While drawing, I imagined myself on the Mayflower, looking out into darkness and seeing only water and sky. I thought about waves and drowning and being surrounded by everything unknown. I thought about how it feels to walk on an unstable surface. When I looked out into the ocean and the harbor in Provincetown, I understood, like the Pilgrims, what it meant to feel alone.
The passengers’ experience on the Mayflower is documented by William Bradford: They were huddled under the deck, without privacy, and they were seasick. There was hostility between the Pilgrims and the other passengers. Adding to their misery, the mainmast cracked in the middle of the voyage.
William Bradford describes a crew member taunting the Pilgrims, saying that he would relish throwing them overboard as they died from illness. He was described as haughty, cursing and swearing bitterly. The seaman’s own death is noted by Bradford as “the just hand of God upon him.”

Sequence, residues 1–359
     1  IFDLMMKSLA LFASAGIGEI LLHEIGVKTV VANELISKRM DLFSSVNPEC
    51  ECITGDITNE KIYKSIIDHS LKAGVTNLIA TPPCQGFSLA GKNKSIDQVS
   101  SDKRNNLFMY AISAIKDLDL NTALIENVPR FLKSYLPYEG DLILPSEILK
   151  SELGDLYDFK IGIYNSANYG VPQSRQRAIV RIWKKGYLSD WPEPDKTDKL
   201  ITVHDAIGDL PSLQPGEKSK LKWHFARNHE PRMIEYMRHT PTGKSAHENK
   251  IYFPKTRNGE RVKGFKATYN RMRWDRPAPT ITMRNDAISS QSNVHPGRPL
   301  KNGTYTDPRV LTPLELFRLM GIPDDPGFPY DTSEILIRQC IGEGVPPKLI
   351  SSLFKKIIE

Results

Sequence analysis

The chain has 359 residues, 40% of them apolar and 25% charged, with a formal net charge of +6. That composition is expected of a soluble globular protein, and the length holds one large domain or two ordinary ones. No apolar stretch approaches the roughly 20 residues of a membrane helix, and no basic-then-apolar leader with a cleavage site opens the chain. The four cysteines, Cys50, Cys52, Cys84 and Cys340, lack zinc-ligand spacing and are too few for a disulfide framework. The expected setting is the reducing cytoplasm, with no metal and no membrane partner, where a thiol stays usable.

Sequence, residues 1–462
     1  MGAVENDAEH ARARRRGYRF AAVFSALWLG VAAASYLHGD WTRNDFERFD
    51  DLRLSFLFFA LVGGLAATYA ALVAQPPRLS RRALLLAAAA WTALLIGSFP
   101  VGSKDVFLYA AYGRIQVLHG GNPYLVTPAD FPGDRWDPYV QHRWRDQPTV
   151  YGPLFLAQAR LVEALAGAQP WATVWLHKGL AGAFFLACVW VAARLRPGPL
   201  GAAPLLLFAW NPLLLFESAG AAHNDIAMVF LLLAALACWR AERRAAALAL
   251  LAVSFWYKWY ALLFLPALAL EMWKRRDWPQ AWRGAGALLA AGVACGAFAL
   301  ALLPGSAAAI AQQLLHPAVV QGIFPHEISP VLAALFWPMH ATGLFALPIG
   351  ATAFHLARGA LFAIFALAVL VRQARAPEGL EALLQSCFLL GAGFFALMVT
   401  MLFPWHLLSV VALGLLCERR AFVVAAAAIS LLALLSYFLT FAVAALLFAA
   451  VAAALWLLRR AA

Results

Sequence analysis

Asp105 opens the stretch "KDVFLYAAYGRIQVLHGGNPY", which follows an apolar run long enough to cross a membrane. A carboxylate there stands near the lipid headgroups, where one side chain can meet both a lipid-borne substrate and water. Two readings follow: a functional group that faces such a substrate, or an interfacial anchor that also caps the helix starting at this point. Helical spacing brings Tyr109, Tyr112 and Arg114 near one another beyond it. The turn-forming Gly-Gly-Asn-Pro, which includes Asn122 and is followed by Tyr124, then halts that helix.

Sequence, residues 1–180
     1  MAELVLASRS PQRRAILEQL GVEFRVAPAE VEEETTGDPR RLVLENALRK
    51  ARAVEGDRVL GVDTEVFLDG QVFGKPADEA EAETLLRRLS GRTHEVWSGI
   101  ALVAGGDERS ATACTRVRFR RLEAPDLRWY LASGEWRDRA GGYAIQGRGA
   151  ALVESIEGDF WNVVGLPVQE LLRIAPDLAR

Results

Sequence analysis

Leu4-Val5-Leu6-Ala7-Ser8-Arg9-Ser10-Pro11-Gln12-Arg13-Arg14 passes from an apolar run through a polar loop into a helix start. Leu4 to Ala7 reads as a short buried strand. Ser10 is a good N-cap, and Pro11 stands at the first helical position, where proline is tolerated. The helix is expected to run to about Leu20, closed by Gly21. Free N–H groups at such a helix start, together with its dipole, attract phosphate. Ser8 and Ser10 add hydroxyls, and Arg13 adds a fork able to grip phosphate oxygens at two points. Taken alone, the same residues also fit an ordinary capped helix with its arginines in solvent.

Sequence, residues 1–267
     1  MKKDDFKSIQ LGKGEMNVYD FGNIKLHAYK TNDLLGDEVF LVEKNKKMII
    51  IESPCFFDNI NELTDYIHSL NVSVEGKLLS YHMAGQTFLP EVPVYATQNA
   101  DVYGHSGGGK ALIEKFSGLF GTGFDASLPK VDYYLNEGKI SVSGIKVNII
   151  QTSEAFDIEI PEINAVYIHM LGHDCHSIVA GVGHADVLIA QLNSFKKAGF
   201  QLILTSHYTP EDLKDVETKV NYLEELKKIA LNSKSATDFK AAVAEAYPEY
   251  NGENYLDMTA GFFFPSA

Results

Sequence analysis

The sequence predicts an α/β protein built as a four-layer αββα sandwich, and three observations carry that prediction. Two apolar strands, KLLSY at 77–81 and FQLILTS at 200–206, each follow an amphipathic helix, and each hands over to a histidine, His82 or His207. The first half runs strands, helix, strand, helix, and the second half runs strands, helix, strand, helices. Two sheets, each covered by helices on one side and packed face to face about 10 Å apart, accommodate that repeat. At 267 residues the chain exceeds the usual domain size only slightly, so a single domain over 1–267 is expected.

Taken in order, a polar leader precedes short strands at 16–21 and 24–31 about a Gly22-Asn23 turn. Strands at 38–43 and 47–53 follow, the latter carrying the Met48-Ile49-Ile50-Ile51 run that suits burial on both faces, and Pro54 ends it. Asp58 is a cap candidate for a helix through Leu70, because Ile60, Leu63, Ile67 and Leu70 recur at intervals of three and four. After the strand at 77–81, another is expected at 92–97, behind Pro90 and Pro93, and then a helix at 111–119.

Only one passenger died during the Mayflower’s voyage across the Atlantic, William Button, a young servant of Samuel Fuller. He died three days before they sighted land. One child was born during the journey, to Elizabeth Hopkins. He was named Oceanus.
The Pilgrims first saw land on November 9th, 1620. They arrived in Provincetown harbor in the early morning of November 11, after three thousand miles and sixty-five days at sea. There, they signed the Mayflower Compact.
“Being thus passed ye vast ocean, and a sea of troubles before in their preparation (as may be remembred by yt which wente before), they had now no friends to wellcome them, nor inns to entertaine or refresh their weatherbeaten bodys, no houses or much less townes to repaire too, to seeke for succoure.” —William Bradford
On December 7, 1620, while the boat was anchored in Provincetown harbor, Dorothy May Bradford fell from the Mayflower into the freezing, shallow waters below. Her husband, William, was on an expedition to find good ground for settlement. Some speculate that the fall was not accidental. William Bradford never mentions her death in his extensive writings, perhaps due to the shame of her suicide.
“Appeal to Heaven,” a suite of drawings and busts produced by Sarah Peters during a residency in Provincetown, Massachusetts, is on view at Winkleman Gallery in Manhattan through this weekend.